Now, I happen to like certain types of red tape. I don't think you /should/ be able to roll up on the big common in my city with trucks full of audio gear and put on a free concert with no crowd control, no police awareness, no first aid crew, etc.
But the copyright red tape means a local venue may refuse to play your music solely because they're afraid of the bureaucracy. They've been told they have to pay a fee to the racketeer to play music, and they don't want to do that, and they can't take your word for it that this is an exception.
Worse, copyright red tape means artists whose work is derivative of other copyrighted works (which is basically everybody) must constantly fear consequences for the perfectly normal cultural borrowing that occurs. If I hear someone whistling and unconsciously introduce their tune into a new piece of music, I may find myself sued for "stealing" from a band I've never heard of. If I want to criticise The Mouse through parody I should hire a lawyer to make sure what I'm doing is bomb proof legally or Mickey's lawyers will shut me down. More red tape.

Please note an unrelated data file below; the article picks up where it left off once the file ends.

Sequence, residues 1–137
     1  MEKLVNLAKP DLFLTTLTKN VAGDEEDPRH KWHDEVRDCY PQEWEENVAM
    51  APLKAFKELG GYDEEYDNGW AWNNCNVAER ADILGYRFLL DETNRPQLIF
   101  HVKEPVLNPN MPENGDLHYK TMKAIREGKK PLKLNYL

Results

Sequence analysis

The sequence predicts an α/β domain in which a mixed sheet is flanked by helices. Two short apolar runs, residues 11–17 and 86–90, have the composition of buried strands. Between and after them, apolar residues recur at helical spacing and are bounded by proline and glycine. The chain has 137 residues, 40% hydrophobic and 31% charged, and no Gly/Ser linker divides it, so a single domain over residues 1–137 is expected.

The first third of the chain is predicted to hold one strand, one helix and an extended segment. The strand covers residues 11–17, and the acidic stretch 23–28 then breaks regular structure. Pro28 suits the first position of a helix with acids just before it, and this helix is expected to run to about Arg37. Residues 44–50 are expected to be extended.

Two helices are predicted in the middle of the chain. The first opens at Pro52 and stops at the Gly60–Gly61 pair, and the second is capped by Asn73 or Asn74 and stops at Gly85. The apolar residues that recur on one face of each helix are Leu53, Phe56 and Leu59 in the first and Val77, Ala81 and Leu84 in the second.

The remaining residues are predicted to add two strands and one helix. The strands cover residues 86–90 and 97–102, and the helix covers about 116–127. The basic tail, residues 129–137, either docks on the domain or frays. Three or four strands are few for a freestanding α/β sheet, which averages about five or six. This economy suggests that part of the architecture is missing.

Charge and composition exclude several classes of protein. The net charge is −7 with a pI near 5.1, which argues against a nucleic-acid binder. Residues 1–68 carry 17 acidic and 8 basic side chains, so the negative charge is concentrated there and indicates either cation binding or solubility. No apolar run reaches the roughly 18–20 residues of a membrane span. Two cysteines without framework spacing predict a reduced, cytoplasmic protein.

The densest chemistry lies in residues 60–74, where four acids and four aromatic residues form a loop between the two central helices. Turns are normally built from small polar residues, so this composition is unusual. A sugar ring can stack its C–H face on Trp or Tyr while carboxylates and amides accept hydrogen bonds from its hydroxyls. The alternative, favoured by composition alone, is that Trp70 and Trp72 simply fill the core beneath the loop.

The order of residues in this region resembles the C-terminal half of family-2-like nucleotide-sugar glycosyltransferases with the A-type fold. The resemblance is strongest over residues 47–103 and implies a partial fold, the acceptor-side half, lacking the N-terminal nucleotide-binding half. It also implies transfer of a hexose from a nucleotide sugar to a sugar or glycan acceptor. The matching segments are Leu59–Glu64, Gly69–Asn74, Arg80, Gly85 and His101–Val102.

So yes, there are reasonable people who create music and long for copyright to be universally appealed, just as there are people who create software and long for copyright to be universally appealed.
NB In many countries "copyright" and "the moral rights of the author" (notably, to be acknowledged as creator of the work) are separate, and few if any object to the latter.